by Heather Mackey

A furious three days at GTC concluded on a soaring note as Stanford’s Sebastian Thrun gave a fascinating, at times comical, look at the evolution of driverless cars.

Taking the stage to the strains of Gary Numan’s “Cars,” Thrun took a packed house through a litany of sorry statistics. Cars are the leading cause of death for young adults. They consume a third of our nation’s energy. They are only used for 3 percent of their life. And the highways they drive on are only about 6 percent fully utilized.

The way to do better is with GPU-based technology, which helps drive the computer vision that robotic cars depend on.

Thrun’s research began in 2004 when DARPA, the research arm of the U.S. military, sponsored a 150-mile challenge race for robot cars. The initial challenge was nothing short of disastrous, with no car making it more than seven miles. Most failed right out of the gate.

The next year, Thrun entered the challenge with a team of students and a car called Stanley (which now lives at the Smithsonian and was top of the heap in Wired Magazine’s 50 best robots of all time). Taking us through Stanley’s evolution, Thrun touched on the incredibly complex engineering feat of creating a driverless car. The solution involved wedding computer vision through lasers and cameras with machine learning algorithms so that Stanley could find the road was and drive confidently along it.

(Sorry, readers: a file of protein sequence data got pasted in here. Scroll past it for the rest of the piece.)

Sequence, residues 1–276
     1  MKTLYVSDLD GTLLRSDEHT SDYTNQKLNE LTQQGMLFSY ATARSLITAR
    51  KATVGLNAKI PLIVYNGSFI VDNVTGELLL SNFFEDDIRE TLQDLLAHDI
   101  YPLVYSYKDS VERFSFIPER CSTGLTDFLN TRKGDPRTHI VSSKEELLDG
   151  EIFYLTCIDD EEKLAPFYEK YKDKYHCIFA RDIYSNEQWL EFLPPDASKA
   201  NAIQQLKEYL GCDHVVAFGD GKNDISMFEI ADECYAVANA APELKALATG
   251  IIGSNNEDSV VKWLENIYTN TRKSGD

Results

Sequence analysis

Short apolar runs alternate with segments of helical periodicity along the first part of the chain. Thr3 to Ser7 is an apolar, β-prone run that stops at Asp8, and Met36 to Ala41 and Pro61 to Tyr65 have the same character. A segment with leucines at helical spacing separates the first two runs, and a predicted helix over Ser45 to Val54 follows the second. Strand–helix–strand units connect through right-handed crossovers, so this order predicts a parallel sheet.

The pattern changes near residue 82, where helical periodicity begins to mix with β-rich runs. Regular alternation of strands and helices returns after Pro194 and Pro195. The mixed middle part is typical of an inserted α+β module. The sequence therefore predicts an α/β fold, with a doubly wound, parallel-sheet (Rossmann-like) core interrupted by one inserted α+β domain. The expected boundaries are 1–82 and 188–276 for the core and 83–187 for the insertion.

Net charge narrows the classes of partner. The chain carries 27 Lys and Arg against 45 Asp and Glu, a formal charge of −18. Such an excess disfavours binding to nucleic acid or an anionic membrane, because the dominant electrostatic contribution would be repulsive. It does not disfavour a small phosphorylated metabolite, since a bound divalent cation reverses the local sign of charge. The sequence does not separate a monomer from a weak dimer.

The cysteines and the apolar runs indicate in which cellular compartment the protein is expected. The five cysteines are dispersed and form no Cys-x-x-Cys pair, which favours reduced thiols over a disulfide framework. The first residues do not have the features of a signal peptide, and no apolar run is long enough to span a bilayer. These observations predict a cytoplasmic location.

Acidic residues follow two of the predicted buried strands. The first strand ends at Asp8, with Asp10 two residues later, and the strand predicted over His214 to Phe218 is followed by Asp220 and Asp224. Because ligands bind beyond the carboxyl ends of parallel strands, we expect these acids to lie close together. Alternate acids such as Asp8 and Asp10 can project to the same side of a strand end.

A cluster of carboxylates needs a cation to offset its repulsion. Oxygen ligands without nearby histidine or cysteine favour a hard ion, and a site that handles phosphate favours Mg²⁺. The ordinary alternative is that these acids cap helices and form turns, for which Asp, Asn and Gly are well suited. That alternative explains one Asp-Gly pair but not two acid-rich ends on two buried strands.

Showing some nail-biting footage of the race itself, Thrun included an unforgettable blooper reel of robot cars in confused, hapless encounters with traffic cones, hay bales and makeshift tunnels. One underdog robot motorcycle was a crowd favorite, and it was almost hard not to cheer when Thrun ran video of it finally staying upright.

Profound challenges remain in creating driverless cars, although the sight of a robotic car executing a flawless parallel parking maneuver indicated that the day may not be too far off.  Thrun noted that advances in GPU computing could bring the day closer. He closed with a list of what he called “2x challenges” – among them, making cars twice2x as safe, 2x as efficient, and to live with only half the cars we have today.